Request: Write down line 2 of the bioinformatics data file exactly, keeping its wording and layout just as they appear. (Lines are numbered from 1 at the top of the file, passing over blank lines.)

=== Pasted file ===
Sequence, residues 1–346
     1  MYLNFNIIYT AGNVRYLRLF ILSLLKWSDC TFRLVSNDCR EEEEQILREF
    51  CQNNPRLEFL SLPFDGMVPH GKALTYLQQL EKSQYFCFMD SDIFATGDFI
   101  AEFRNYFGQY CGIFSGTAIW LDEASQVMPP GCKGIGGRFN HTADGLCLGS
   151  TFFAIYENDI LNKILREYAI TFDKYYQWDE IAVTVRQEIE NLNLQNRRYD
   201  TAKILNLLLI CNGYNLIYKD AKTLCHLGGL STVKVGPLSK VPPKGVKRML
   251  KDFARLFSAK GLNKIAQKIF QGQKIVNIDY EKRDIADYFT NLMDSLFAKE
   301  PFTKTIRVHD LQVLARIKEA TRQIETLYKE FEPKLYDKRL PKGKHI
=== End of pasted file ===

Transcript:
     1  MYLNFNIIYT AGNVRYLRLF ILSLLKWSDC TFRLVSNDCR EEEEQILREF